Theories and concepts
The theories and concepts of the various systems of traditional medicine are very important for the research and evaluation of traditional procedure-based therapies. These are discussed in Part 1 (section 1.3).
In general, traditional procedure-based therapies are relatively safe, if they are performed properly by well-trained practitioners. But accidents do occasionally occur, most probably when practitioners are not fully trained. Therapies should be performed within accepted parameters, and the indications for a therapy should be evidence based when possible. Serious adverse effects of therapies are rare, but supportive data on adverse effects are not readily available. Accordingly, the evaluation of adverse effects should be considered a priority area for systematic evaluation of safety of these therapies.
One problem in ensuring safety of a therapy is variable quality control in the manufacture of therapy equipment. The most effective safety measures, therefore, are to ensure that the equipment used is of good quality, as well as ensuring that the practitioners who use it have had sound and well supervised theoretical and practical training. These are the appropriate ways to minimize incompetent examination of patients, incorrect diagnoses and errors of technique, and to ensure that patients are properly selected for traditional procedure-based therapy. It should also ensure that the practitioner knows how to deal with accidents when they do occur, and knows how to refer the patient to an appropriate physician if the patient does not respond to therapy or if there is a medical emergency. The WHO Guidelines on basic training and safety in acupuncture5 promote the safe use of acupuncture to prevent adverse effects occurring in patients who have been incorrectly selected for treatment. Similar guidelines could be prepared by WHO Member States. WHO can provide technical assistance to facilitate such efforts.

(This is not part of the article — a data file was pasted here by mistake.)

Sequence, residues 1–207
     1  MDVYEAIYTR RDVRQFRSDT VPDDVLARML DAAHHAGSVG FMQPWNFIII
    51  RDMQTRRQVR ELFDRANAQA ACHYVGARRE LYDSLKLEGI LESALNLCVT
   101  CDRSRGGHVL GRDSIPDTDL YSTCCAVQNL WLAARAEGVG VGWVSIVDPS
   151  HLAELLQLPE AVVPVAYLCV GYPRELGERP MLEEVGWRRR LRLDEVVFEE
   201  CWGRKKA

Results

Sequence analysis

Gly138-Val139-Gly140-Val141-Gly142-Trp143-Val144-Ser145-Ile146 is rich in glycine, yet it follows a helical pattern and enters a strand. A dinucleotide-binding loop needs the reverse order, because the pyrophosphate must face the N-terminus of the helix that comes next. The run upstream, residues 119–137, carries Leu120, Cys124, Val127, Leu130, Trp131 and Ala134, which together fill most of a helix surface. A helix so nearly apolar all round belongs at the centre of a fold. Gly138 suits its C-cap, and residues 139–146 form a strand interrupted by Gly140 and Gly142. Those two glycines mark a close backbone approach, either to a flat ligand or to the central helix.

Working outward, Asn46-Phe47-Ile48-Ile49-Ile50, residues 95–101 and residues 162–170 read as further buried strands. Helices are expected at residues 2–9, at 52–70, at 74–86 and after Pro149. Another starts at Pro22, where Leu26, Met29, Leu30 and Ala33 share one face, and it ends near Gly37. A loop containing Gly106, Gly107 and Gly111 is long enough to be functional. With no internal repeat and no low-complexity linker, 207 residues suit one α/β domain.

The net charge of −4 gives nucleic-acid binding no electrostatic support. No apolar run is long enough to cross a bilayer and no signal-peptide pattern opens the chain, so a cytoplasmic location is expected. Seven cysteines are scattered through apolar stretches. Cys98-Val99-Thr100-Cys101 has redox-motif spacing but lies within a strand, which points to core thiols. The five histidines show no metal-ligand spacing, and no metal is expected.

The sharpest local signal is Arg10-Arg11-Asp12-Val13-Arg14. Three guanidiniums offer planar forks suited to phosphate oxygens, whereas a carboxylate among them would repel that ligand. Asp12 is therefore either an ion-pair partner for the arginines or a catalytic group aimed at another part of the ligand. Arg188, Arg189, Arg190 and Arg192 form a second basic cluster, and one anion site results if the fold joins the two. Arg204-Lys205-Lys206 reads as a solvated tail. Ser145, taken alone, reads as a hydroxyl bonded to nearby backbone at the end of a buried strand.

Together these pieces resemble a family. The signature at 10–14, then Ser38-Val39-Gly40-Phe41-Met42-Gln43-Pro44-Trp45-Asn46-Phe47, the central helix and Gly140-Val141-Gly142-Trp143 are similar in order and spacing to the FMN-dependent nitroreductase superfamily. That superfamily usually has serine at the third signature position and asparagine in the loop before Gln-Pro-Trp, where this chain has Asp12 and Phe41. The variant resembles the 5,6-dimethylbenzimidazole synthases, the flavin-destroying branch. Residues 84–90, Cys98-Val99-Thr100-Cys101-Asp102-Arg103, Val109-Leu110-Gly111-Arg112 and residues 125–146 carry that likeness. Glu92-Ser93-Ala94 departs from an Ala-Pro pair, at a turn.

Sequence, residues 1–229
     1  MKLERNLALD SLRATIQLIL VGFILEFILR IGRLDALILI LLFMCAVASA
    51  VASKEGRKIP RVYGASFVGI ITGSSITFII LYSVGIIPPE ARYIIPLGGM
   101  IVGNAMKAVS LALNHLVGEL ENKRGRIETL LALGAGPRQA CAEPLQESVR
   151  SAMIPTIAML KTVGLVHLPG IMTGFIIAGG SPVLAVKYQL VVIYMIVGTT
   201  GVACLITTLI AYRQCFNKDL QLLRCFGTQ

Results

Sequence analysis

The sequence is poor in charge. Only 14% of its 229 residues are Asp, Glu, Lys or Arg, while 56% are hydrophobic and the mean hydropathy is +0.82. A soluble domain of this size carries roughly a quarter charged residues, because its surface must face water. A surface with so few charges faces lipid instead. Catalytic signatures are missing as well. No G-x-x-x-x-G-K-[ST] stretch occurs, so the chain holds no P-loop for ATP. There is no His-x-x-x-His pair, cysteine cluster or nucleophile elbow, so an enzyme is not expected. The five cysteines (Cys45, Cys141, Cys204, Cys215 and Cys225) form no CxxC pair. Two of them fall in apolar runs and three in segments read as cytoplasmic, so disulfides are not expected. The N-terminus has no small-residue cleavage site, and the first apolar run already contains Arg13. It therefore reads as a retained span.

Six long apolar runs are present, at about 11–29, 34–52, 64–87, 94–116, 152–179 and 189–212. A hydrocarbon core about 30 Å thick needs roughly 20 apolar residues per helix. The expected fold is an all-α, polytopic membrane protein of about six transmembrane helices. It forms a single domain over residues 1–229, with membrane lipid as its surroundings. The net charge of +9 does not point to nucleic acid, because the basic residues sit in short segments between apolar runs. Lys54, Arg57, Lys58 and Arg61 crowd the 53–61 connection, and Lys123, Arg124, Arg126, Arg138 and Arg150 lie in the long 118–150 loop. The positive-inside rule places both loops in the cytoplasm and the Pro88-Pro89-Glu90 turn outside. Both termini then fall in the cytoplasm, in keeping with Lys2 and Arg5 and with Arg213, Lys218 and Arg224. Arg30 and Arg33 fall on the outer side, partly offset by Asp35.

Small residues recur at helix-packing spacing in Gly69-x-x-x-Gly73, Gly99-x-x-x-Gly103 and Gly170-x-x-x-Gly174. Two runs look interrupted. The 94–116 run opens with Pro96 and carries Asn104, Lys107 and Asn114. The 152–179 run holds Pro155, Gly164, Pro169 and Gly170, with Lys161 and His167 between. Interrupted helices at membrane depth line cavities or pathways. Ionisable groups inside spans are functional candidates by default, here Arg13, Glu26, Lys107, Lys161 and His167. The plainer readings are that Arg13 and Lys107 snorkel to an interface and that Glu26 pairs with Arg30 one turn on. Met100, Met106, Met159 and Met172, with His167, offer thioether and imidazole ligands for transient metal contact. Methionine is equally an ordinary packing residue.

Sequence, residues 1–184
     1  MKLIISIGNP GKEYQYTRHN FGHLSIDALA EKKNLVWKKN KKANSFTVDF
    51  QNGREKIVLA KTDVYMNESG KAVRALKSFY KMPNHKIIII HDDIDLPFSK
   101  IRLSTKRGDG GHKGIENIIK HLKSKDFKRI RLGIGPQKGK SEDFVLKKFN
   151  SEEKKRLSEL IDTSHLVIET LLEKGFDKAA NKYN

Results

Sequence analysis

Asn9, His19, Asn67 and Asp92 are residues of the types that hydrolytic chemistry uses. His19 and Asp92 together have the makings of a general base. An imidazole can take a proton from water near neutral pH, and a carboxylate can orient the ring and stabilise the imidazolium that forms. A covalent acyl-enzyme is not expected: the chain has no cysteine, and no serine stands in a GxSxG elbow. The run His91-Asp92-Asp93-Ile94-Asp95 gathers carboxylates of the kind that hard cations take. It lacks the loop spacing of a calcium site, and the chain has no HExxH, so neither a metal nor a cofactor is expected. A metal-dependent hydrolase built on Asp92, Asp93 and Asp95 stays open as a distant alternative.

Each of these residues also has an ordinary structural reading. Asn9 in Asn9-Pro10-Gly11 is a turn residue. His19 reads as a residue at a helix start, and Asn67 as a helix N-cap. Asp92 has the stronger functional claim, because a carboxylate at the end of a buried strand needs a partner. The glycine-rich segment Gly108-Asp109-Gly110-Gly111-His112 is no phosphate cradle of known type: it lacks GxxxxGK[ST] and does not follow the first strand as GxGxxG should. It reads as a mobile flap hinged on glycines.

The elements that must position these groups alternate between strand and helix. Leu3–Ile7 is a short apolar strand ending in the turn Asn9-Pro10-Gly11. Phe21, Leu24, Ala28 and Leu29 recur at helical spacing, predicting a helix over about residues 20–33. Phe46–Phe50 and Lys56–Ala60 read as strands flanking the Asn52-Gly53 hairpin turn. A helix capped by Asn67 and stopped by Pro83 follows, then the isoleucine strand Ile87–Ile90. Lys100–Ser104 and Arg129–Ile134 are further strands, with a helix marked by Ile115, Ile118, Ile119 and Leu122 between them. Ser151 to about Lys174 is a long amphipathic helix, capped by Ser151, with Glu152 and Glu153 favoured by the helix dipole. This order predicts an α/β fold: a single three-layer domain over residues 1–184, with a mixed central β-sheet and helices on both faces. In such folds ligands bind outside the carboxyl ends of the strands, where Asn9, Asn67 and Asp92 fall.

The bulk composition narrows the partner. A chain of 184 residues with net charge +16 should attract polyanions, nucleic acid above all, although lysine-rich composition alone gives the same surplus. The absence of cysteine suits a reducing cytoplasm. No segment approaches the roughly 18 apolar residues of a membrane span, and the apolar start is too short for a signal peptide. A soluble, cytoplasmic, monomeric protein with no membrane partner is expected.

Many kinds of traditional procedure-based therapies, such as acupuncture and manual therapies, have already been widely used in health care systems in a number of countries. However, there is an increasing demand to study and evaluate the efficacy of these therapies.
The efficacy of most forms of traditional procedure-based therapies depends heavily upon the proficiency of the practitioners, including their skills and experience. This may partly explain the disparity or inconsistency of results reported by different authors, even though the methodologies of the studies were equally sound. Non-specific effects of the therapy can also contribute to efficacy, but these are difficult to measure or quantify. Therefore, clinical trials and other research methodologies are extremely important in the evaluation of the efficacy of traditional procedure-based therapies (see Part 3).